The years from 1945 to 1990 are summarised by Hugh Sackett. This is in fact the first overall picture produced of a complex period that saw an impressive series of discoveries and studies of great moment for Cretan--and, above all, Minoan--archaeology, including the deciphering of Linear B, excavation of the 'warriors' graves' at Knossos and consequent resurgence of the whole issue of the Mycenaeanisation of Crete and, finally, dispute over the dating of the destruction of the Palace of Knossos and the tablet archives. In other words, the years covered by Sackett saw a positive burgeoning of studies on the Minoan world, and the crystallisation of a whole series of issues that have remained central to research on Aegean archaeology to our own day. The first decades of this phase were deeply marked by the figure of Sinclair Hood, whose directorship (1954-1962) acted as a turning point in the interests of the British School and whose scholarly influence lasted far beyond the period of his appointment. To Hood two major achievements are to be ascribed: survey activity extending the limits of the ancient settlement of Knossos, and, by virtue of an innate talent for teaching, the training of most of the future leading scholars of Minoan and post-Minoan Crete. As a matter of fact, the following decades saw the School engaged in intensive activity thanks to a group of scholars--G. Cadogan, N. Coldstream, M. Popham, H. Sackett, P. Warren--who made a fundamental contribution to the development of Cretan and, above all, Minoan archaeology with the excavation and prompt publication of both new areas at Knossos and new sites. A further important achievement was the application of scientific techniques to archaeology, at the School largely due to the work of Hector Catling, director for 18 years from 1971 to 1989.
The closing chapter of the first section, by Colin Macdonald, deals with the activities of the School at Knossos, which has in recent years been transformed into a centre aiming not only at scientific research but also, in collaboration with the Greek Ministry of Culture, at the preservation of the archaeological site and creation of an archaeological park.
The second section of the volume, entitled "A century of Achievement", comprises fifteen short essays summing up the British contribution to Cretan studies. They are arranged according to chronological periods and subjects dealt with: Topographical and Environmental Studies, by M. Wagstaff; the Neolithic Period, by P. Tomkins; the Early Bronze Age, by P. Warren; the Old Palace Period, by N. Momigliano; the New Palace Period, by J. Driessen; Linear A and Linear B, by J. Bennet; Minoan Religion, by A. Peatfield; the Postpalatial Period, by E. Hatzaki; Early Greek and Classical Crete, by N. Coldstream; Hellenistic and Roman Crete, by S. Paton; Epigraphy, by A. Johnston; the Byzantine and Arab Periods, by J. Herrin; Cretan Renaissance, by D. Holton; and a chapter on the British School at Knossos, by H. Catling. The final chapter is contributed by Rachel and Sinclair Hood, and dedicated to "Artists and Craftsmen", or in other words to the numerous technicians--architects, restorers, draftsmen and foremen--involved with the Knossian excavations who have made great, indeed in may cases decisive contributions to the success of the various archaeological projects. On the whole, these are summing-up studies by specialists in the various areas, focusing on the British contribution to the subjects examined and thus leaving scant space to the international contributions. Clearly they make no claim to be innovative, but all are readable and in any case useful for filling out the picture of British archaeology on Crete.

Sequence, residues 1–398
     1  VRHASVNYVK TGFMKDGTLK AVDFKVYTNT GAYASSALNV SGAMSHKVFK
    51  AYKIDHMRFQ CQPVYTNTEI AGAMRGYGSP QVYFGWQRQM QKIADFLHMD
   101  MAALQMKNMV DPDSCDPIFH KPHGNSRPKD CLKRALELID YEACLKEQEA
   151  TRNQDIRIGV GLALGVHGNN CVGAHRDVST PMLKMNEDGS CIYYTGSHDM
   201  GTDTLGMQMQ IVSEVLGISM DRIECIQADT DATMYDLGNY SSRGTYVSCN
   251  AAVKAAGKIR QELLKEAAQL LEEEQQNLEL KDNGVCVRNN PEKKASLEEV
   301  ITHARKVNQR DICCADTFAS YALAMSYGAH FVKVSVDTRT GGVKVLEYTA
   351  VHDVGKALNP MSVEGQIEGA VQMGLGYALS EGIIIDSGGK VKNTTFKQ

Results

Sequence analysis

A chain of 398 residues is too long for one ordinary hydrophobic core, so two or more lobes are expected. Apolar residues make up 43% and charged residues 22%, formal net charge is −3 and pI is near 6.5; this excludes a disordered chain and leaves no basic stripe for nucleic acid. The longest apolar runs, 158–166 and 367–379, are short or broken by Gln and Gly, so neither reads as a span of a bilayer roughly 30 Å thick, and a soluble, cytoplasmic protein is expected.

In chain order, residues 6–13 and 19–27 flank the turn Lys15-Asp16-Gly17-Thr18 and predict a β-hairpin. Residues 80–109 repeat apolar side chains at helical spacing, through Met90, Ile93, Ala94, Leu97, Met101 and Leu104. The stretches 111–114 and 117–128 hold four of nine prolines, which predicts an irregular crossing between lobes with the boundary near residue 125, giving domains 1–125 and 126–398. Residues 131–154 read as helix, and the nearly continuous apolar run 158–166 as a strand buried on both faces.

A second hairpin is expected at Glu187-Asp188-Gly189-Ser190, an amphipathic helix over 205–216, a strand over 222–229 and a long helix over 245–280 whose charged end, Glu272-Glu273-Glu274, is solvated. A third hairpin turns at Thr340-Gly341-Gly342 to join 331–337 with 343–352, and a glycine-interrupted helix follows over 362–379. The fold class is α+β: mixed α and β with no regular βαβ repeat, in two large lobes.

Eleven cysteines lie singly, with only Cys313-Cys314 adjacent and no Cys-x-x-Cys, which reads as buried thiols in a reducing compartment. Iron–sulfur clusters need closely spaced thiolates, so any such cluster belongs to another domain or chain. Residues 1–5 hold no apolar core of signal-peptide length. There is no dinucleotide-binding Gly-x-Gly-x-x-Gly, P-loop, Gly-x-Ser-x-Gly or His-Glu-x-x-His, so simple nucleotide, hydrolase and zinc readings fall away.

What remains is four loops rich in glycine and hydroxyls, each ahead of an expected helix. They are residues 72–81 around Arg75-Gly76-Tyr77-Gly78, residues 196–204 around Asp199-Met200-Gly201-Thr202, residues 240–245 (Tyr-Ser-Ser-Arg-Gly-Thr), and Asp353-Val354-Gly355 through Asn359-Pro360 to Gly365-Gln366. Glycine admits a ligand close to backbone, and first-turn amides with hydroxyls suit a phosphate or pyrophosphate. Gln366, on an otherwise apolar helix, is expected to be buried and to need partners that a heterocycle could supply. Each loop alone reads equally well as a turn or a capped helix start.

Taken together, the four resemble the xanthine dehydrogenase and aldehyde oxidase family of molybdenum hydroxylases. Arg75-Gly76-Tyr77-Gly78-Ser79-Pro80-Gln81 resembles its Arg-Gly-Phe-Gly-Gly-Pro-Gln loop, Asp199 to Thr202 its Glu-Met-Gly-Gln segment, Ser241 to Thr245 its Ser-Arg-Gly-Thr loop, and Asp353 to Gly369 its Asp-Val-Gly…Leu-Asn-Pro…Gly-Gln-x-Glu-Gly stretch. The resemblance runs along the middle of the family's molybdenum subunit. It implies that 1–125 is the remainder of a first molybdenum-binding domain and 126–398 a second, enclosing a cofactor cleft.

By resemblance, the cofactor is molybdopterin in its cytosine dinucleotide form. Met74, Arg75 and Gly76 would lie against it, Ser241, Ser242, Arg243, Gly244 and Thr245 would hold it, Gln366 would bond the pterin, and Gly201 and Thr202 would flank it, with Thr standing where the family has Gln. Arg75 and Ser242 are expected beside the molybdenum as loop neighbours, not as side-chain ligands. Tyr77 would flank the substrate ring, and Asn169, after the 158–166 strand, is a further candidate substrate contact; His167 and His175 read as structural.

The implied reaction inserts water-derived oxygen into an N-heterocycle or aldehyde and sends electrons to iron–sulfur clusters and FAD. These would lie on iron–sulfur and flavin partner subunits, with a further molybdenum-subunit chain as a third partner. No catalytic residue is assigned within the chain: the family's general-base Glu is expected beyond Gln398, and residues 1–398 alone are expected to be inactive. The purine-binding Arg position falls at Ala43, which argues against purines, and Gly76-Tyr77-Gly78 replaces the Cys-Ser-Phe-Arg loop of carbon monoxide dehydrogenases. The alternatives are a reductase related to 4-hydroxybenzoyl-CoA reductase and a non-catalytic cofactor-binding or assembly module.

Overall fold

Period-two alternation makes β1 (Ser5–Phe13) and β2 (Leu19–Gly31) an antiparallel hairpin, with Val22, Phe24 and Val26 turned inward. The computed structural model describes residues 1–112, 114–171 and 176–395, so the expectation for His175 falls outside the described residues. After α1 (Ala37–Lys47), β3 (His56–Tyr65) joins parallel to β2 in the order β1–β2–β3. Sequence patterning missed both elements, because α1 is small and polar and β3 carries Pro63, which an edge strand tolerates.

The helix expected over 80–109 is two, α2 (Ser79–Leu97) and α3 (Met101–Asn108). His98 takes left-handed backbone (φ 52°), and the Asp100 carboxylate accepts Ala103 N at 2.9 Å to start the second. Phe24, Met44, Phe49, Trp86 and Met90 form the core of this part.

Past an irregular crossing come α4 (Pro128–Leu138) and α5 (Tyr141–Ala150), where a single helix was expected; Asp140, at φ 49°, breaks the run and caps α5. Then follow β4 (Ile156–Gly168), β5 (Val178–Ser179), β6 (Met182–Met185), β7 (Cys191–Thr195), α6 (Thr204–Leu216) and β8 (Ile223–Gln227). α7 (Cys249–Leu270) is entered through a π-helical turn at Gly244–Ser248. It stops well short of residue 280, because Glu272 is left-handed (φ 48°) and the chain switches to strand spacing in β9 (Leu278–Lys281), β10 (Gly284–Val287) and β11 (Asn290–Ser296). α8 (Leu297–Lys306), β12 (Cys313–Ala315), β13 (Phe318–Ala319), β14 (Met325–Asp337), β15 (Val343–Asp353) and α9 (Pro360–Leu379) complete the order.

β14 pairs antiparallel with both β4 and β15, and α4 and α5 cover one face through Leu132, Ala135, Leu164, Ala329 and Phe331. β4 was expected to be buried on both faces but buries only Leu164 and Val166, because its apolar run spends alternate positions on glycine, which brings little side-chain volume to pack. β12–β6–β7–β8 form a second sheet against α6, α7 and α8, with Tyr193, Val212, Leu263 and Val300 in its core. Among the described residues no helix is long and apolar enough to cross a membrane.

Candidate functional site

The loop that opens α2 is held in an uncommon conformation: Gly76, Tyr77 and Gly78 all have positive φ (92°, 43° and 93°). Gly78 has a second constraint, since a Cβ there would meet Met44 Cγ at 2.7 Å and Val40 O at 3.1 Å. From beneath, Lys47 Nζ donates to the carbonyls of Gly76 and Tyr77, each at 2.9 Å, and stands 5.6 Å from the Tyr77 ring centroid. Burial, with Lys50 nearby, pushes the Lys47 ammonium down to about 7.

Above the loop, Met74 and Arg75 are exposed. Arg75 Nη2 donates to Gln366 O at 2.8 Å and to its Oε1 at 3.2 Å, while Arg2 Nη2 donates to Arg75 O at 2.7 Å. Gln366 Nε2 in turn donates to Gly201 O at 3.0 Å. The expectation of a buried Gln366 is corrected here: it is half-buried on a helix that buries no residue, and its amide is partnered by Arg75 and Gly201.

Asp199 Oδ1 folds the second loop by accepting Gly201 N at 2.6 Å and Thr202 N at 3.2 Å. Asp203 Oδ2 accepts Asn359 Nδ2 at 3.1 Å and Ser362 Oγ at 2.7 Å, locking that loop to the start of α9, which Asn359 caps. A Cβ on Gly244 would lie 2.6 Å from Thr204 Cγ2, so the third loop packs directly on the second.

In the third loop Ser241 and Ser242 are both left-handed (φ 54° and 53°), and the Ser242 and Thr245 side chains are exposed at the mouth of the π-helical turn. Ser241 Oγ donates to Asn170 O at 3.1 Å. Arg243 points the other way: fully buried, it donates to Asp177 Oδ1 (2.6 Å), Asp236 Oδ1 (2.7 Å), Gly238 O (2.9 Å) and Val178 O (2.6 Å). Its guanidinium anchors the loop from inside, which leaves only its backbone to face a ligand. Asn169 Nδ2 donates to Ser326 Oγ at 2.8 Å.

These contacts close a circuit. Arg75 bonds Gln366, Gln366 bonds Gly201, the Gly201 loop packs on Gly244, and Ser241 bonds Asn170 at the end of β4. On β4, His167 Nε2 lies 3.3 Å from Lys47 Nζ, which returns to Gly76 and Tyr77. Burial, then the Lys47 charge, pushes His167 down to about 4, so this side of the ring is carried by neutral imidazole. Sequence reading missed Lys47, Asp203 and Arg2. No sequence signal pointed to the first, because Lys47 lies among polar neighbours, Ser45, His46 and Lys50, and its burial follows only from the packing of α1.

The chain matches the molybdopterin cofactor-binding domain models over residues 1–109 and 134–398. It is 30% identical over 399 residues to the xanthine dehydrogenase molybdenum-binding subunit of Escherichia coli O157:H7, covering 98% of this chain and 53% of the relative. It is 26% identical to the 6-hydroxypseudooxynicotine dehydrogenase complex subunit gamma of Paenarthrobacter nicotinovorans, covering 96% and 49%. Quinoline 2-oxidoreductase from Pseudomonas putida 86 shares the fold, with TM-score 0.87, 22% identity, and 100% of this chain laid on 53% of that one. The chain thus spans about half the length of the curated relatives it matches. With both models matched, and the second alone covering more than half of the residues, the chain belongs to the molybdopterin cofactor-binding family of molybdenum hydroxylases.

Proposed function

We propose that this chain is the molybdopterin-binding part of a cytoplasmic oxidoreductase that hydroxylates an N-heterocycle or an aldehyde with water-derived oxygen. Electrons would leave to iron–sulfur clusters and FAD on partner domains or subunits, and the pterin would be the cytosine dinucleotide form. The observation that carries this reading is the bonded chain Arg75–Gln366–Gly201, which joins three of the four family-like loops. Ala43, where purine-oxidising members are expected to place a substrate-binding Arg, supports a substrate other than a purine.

Among them, the sensitive works by P. Tomkins on Neolithic Crete and J. Driessen on the New Palace Period may be cited as models for the chapters of a hypothetical handbook on the history of Cretan archaeology. Peter Tomkins successfully delineates a comprehensive picture of Neolithic Crete, giving room to the history of research and rightly highlighting the importance of new techniques and theoretical models for the results achieved in this field in the post-war period. Jan Driessen portrays a composite scene of Minoan civilisation in its heyday, with the history of British discoveries concerning this period, the pioneers' theses and recent hypotheses on the widespread destruction on Crete at the end of Late Minoan IB in the fifteenth century BC, fitting neatly into a historical picture that also finds room for the still puzzling problems of the absolute chronology of Crete, the destruction of the palace of Knossos and subsequent arrival of the Mycenaeans from the Continent: this is a real chapter of Minoan history.
The volume appears in simple, sober guise avoiding any waste of space, but the titles of the two sections might have been printed on pages of their own to be more readily located.
In conclusion, Cretan Quests adds up to a worthy celebration of the Cretan activity of the British School at Athens, which has made of open-mindedness, openness to foreigners and faithfulness--albeit never slavish--to tradition its strong points, thus taking on an irreplaceable role for all concerned with archaeology in Greek lands.
1. D. Powell, The Villa Ariadne, Athens 1994 (repr. of the 1973 London edition), 68.
2. J.D.S. Pendlebury, The Archaeology of Crete. An Introduction, London 1939, xxix.
3. I. Grundon, The Rash Adventurer: A Life of John Pendlebury, London 2001; see also the booklet Pendlebury 1904-1941, produced by the British School at Athens in spring 2001 to accompany a photographic exhibition of Pendlebury's work.
4. J.A. Macgillivray, Minotaur. Sir Arthur Evans and the Archaeology of the Minoan Myth, London 2000, reviewed in BMCR by E.F. Bloedow (2001.02.18), S. Hemingway (2001.02.17) and D.A. Traill (2001.02.19).
5. See for example the article by A. Luck in The Times, London, July 23, 2000; and, for a reassessment of Evans's contribution to Minoan archaeology, P.M. Warren, "Sir Arthur Evans and His Achievements", BICS 44, 2000, 199-211.
6. On Evans's legacy in Europe, A. Farnoux, Cnossos: l'archéologie d'un rêve, Paris 1993, 61-112; Idem, "Art Minoen et Art Nouveau. Le miroir de Minos", in Ph. Hoffmann, P.-L. Rinuy (eds.), Antiquités imaginaires. La référence antique dans l'art moderne de la Renaissance à nos jours, Paris 1996, 109-126. On Freud and Aegean archaeology, A.L. D'Agata, "Sigmund Freud and Aegean Archaeology. Mycenaean and Cypriote Material from his Collection of Antiquities",SMEA 34, 1994, 7-36.